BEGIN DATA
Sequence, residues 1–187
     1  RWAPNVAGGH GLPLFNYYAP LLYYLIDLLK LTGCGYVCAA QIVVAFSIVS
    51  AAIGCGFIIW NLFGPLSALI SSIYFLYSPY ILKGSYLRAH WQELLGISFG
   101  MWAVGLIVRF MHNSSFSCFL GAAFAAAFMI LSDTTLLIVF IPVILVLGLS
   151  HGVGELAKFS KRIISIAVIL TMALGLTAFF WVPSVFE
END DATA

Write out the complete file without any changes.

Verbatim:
Sequence, residues 1–187
     1  RWAPNVAGGH GLPLFNYYAP LLYYLIDLLK LTGCGYVCAA QIVVAFSIVS
    51  AAIGCGFIIW NLFGPLSALI SSIYFLYSPY ILKGSYLRAH WQELLGISFG
   101  MWAVGLIVRF MHNSSFSCFL GAAFAAAFMI LSDTTLLIVF IPVILVLGLS
   151  HGVGELAKFS KRIISIAVIL TMALGLTAFF WVPSVFE